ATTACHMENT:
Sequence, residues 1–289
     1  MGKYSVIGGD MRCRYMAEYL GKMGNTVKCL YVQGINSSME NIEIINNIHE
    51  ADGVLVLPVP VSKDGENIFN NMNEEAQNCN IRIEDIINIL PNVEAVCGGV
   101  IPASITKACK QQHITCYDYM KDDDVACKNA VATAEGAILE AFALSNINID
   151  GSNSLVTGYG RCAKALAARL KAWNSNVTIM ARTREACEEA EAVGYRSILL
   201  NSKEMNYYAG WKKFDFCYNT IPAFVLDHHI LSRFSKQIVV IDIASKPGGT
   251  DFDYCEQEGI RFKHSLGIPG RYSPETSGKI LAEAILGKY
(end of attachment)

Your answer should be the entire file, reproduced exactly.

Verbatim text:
Sequence, residues 1–289
     1  MGKYSVIGGD MRCRYMAEYL GKMGNTVKCL YVQGINSSME NIEIINNIHE
    51  ADGVLVLPVP VSKDGENIFN NMNEEAQNCN IRIEDIINIL PNVEAVCGGV
   101  IPASITKACK QQHITCYDYM KDDDVACKNA VATAEGAILE AFALSNINID
   151  GSNSLVTGYG RCAKALAARL KAWNSNVTIM ARTREACEEA EAVGYRSILL
   201  NSKEMNYYAG WKKFDFCYNT IPAFVLDHHI LSRFSKQIVV IDIASKPGGT
   251  DFDYCEQEGI RFKHSLGIPG RYSPETSGKI LAEAILGKY